16179801Melinda Beatty has had years of practice trying to explain to others why she was just having an imaginary conversation between two people that don’t exist, so becoming a writer seemed like the best way to stop everyone looking at her funny. After years of narrowboat living on the English canals, she and her British husband are now back on dry land in Maryland where by day, she’s a mild-mannered Indie bookseller, and by night, she wrangles words, craft projects, a Labrador and two fierce mini-women. Heartseeker is her debut novel.

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HEARTSEEKER BLOG TOUR

WEEK ONE

May 28 – @Book_Ventures – Book Asethetics

May 29 – RhythmicBooktrovert – Review

May 30 – GladiatorGlory – Review + Playlist + Moodboard

May 31 – The Quirky Book Nerd – Review 

June 1 – Bookopolis – Great Adventure Heroines in contemporary and classic books

Review: The Mad Wolf’s Daughter by Diane Magras

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unnamed-75The Mad Wolf’s Daughter by Diane Magras

My Rating: 5/5 TARDISes

Series: Standalone

Date Published: March 6th, 2018

Publisher: Kathy Dawson Books

Pages: 288 pages

Source: Publisher

Links: Goodreads | Amazon | Book Depository

Synopsis: A Scottish medieval adventure about the youngest in a war-band who must free her family from a castle prison after knights attack her home.

One dark night, Drest’s sheltered life on a remote Scottish headland is shattered when invading knights capture her family, but leave Drest behind. Her father, the Mad Wolf of the North, and her beloved brothers are a fearsome war-band, but now Drest is the only one who can save them. So she starts off on a wild rescue attempt, taking a wounded invader along as a hostage. 

Hunted by a bandit with a dark link to her family’s past, aided by a witch whom she rescues from the stake, Drest travels through unwelcoming villages, desolate forests, and haunted towns. Every time she faces a challenge, her five brothers speak to her in her mind about courage and her role in the war-band. But on her journey, Drest learns that the war-band is legendary for terrorizing the land. If she frees them, they’ll not hesitate to hurt the gentle knight who’s become her friend.

Drest thought that all she wanted was her family back; now she has to wonder what their freedom would really mean. Is she her father’s daughter or is it time to become her own legend?

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*I received a copy of this book from the publisher in exchange for an honest review*

This is a spoiler-free review.

This turned out to be quite a charming and enjoyable read. The general concept of the novel is very traditional, but it is spiced up by many unique elements and plot twists that Magras employs throughout. I had such a fun time following the journey of this brave young warrior and her friends. The story mixes danger, mystery, and intrigue with warmth, love, and friendship to create a highly immersive read. With solid characters, a well-written narrative, and plenty of action and adventure, it is incredibly easy to fall in love with this tale.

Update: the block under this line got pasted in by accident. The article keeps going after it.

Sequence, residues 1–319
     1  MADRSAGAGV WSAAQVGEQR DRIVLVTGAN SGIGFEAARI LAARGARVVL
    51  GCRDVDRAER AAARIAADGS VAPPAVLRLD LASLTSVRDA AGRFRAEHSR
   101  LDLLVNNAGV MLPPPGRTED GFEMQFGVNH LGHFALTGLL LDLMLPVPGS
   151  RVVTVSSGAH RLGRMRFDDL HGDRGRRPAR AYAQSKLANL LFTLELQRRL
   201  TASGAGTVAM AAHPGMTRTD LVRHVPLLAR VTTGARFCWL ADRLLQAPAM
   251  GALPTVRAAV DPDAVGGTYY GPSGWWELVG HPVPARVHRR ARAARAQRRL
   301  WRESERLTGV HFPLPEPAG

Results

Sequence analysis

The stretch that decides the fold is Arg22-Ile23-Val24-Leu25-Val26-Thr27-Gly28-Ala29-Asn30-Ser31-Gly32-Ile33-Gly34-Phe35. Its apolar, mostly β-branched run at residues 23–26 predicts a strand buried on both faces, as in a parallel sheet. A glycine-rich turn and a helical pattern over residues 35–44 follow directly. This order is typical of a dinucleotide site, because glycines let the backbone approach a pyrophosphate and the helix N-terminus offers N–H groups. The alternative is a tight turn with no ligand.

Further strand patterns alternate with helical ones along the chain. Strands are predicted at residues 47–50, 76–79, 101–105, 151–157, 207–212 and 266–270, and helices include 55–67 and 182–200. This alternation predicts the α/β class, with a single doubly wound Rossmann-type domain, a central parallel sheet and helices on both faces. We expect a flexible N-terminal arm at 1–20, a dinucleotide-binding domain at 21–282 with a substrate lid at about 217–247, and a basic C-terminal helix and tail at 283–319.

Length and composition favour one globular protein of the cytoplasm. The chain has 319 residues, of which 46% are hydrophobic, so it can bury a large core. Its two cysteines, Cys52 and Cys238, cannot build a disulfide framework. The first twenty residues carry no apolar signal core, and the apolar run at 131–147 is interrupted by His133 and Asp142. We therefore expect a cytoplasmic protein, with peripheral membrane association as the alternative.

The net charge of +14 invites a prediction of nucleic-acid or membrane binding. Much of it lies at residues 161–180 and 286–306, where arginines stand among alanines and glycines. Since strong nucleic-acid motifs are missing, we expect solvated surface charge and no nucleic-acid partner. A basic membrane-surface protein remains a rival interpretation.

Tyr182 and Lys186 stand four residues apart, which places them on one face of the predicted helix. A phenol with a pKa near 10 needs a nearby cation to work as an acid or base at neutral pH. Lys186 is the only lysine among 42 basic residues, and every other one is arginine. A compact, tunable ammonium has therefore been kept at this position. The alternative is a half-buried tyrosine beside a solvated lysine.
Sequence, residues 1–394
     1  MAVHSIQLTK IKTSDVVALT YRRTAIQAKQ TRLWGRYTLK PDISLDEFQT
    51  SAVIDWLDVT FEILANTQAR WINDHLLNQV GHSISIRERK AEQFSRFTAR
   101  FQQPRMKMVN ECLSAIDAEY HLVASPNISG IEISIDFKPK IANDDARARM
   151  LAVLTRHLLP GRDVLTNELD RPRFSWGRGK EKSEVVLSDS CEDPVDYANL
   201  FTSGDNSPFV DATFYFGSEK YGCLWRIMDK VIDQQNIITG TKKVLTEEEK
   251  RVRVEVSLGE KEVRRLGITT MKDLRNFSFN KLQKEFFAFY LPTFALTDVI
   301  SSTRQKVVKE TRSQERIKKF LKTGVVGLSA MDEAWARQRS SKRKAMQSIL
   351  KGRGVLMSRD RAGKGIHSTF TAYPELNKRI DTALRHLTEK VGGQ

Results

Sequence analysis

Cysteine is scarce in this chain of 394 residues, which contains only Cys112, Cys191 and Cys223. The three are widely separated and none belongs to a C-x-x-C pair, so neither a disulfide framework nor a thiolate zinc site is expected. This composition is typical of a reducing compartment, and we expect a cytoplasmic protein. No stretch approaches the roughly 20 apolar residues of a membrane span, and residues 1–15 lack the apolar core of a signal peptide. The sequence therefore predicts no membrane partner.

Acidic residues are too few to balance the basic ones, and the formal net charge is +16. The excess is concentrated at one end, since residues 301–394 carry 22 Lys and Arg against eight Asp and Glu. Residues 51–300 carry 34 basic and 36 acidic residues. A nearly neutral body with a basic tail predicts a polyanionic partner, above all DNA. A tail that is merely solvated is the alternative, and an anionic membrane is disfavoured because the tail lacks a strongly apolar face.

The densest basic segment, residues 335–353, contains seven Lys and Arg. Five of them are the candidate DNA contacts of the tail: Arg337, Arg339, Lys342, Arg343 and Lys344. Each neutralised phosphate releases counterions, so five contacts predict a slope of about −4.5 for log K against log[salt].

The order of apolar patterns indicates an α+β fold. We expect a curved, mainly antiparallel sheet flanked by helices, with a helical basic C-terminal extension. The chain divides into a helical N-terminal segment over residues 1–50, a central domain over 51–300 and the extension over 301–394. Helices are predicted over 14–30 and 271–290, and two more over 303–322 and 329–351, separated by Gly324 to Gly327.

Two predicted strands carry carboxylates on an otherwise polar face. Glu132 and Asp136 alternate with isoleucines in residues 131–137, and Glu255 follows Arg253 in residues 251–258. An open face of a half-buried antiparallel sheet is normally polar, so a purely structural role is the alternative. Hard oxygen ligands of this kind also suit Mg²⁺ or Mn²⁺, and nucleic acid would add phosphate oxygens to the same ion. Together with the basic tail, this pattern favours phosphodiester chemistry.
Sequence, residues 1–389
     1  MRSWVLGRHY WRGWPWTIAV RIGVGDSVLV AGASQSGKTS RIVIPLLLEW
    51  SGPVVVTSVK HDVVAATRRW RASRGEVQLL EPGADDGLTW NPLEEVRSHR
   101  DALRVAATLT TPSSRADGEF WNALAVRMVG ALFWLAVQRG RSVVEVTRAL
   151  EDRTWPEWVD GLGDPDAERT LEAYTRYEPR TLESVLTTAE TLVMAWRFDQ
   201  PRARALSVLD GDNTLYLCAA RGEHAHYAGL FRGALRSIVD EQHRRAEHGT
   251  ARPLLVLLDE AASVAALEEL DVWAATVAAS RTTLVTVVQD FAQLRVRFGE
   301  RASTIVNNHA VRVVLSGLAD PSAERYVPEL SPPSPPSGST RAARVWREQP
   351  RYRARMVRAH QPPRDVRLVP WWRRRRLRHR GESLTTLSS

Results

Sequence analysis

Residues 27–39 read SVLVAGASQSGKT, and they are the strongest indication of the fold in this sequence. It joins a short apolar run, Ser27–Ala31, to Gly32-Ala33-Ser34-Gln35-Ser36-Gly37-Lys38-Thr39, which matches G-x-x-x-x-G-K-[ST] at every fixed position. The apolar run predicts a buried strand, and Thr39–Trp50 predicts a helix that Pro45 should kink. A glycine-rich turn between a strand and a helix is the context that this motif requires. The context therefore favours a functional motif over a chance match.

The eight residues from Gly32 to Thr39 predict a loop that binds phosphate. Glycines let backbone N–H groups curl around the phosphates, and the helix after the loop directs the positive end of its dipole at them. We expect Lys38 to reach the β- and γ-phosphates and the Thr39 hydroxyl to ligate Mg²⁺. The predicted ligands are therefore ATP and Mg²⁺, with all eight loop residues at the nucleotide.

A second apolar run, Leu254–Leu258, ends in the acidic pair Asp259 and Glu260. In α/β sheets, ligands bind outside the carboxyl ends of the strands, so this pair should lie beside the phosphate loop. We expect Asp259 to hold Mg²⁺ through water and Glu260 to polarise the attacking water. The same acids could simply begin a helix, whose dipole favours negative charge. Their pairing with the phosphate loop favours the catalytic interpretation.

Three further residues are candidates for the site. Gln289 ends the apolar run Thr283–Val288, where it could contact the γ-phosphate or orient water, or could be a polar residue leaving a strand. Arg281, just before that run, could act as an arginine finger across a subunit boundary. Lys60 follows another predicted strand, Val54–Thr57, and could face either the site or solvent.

In this novel, we follow a young Scottish girl named Drest, who’s life is turned upside-down when her father and brothers are captured and taken to the prison at the nearby Faintree Castle. After these knights invade her home, Drest barely escapes the hostility brought upon her family, be she is the only one to do so. Therefore, she is thrown into an unexpected adventure, and must find the courage deep within herself in order to save the ones she loves the most.

Trusting one of the wounded knights to lead her to the castle, she draws strength from the encouraging voices of her five brothers that she hears in her head. Joined early on by a young boy named Tig, the unlikely trio soon become comrades, as they fight through the many perils that lie ahead of them.

However, not everything is as it seems, and the indiscretions of the war-band—her family—are beginning to come to light. This leaves Drest questioning not only who she should put her trust in and whether her family should actually be freed, but also who she is. Despite the obstacles she fights through along the way, the most challenging part of her journey might in fact be at the very end.

I found this to be a very captivating and fast-paced story, and I fell into it very easily. It hooked me right from the start, as we are thrown directly into the action. And the characters were a very high point of the novel. Drest is an incredibly strong heroine and a fantastic model of bravery, both physically and mentally. She develops very realistically throughout the course of the narrative, starting off much more timid and unsure of her abilities and steadily blossoming into a true warrior. A multi-dimensional and dynamic character, Drest is truly the driving force in this novel.

I would have liked to have seen the relationships between the characters developed a bit more than they were, particularly the war-band. We get a fairly good idea of their personalities as the story unfolds, but I think that area could have been focused on slightly more. This was by no means a huge detriment to the story, but I feel as though that would connect the reader even more to the characters, their relationships, and how those elements are tested throughout the narrative.